(Recasts with meeting underway)
By Louis Charbonneau
UNITED NATIONS, March 1 (Reuters) - Ukraine on Saturday asked the United States and other key members of the U.N. Security Council to help safeguard its territorial integrity after Russia announced plans to send armed forces into the country's autonomous Crimea region.
"We can stop the expansion of this aggression," Ukraine's U.N. Ambassador Yuriy Sergeyev told reporters after addressing a closed-door U.N. Security Council meeting on the crisis in his country.
He said that Russia's military aggression had violated a 1994 agreement on safeguarding Ukraine's territorial integrity and called on the other four permanent U.N. Security Council members to use their diplomatic powers to help his country.
"Now what we are doing is we are addressing for other guarantors (of Ukraine's sovereignty) - the United States, the United Kingdom, France, and China - to perform their guarantees," Sergeyev said.
"Still there is a possibility for world leaders to speak with (Russian) President (Vladimir) Putin and prevent ... the further deterioration of the situation," he said.
U.N. spokesman Martin Nesirky said Secretary-General Ban Ki-moon planned to speak with Putin on the telephone.
"The Secretary-General reiterates his call for the full respect for and preservation of the independence, sovereignty and territorial integrity of Ukraine," Nesirky told reporters.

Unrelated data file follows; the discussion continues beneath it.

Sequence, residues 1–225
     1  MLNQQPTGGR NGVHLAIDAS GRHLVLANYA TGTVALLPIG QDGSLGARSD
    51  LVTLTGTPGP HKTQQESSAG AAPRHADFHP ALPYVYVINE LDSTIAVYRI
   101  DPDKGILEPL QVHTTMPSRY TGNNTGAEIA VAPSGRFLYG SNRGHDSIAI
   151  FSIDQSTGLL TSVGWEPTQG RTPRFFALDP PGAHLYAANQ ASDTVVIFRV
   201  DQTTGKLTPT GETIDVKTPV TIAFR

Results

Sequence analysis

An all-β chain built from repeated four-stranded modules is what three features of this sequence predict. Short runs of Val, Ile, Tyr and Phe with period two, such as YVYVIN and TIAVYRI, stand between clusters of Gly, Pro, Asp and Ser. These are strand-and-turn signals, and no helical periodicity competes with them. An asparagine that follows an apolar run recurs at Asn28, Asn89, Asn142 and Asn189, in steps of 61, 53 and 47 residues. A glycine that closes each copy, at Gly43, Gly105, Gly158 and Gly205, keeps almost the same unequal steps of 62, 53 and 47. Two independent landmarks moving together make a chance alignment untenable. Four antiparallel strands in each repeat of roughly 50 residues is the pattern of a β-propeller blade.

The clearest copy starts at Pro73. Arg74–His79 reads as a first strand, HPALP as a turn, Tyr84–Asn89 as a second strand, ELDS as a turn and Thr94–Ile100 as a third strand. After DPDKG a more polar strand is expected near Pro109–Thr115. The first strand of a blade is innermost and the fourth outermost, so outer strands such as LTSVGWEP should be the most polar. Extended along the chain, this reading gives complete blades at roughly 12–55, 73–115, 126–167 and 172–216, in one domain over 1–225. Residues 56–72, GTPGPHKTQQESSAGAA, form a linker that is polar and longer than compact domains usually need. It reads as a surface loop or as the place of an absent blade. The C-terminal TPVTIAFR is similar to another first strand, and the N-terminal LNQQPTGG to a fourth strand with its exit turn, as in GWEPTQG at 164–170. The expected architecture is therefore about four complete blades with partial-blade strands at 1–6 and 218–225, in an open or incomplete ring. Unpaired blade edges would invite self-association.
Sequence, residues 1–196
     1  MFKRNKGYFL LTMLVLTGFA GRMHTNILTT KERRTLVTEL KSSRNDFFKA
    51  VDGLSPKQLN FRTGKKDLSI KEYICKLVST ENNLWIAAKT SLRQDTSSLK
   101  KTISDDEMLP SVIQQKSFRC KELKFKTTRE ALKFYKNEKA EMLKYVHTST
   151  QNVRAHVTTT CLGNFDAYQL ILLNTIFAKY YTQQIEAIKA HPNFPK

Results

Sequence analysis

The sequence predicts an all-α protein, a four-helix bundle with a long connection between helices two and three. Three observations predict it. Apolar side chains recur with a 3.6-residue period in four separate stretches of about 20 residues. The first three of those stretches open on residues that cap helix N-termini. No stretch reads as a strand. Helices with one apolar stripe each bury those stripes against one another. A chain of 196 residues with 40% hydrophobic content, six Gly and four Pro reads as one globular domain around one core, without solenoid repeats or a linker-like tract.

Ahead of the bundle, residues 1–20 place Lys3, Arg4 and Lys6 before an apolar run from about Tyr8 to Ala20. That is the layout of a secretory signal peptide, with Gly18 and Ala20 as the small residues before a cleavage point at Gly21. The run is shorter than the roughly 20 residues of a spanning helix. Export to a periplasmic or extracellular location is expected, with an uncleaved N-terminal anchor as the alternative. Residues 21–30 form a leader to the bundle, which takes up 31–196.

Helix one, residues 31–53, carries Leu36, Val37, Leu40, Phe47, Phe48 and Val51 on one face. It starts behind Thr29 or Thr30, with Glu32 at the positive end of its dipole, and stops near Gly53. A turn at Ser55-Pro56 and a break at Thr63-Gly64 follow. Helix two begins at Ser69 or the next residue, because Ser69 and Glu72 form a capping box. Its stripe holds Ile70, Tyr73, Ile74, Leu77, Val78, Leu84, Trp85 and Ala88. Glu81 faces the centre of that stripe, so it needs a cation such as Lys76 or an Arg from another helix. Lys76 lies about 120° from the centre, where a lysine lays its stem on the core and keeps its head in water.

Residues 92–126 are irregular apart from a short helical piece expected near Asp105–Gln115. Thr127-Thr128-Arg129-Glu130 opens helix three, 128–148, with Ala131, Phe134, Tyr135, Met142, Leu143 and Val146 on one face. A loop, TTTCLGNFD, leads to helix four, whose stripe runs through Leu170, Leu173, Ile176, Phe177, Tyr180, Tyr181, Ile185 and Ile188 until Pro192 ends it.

"He calls for an immediate restoration of calm and direct dialogue between all concerned to solve the current crisis," he added.
The 15-nation council's emergency meeting on Ukraine - the second in as many days - was convened at the request of Britain. British Ambassador Mark Lyall Grant told reporters on the way into the meeting that he called for the meeting to learn "what justification Russia claims to have" for its actions in Ukraine.
Diplomats told Reuters that inside the closed-door consultations there was a heated debate on whether to hold a public meeting, as the U.S. and other Western delegations are demanding, or to keep it all behind closed doors, as Russia wants.
The council met on Friday to discuss the crisis in Ukraine's Crimea region but took no formal action, as expected. The meeting highlighted the deep divisions between the United States and other Western nations and Russia, which has a major Black Sea naval base in the Crimea.
At Friday's session, Ukraine accused Russia of illegal military incursions onto Ukrainian territory, while U.S. and European delegations warned Moscow to withdraw any new military forces deployed in neighboring Ukraine.
Russian Ambassador Vitaly Churkin, however, said any military movements by Russian forces there were in compliance with its agreement with Kiev on maintaining its naval base there.
Russia is a veto-wielding permanent member of the Security Council and, therefore, able to block any actions proposed by its members. (Reporting by Louis Charbonneau; +1-646-591-5178; editing by Gunna Dickson)
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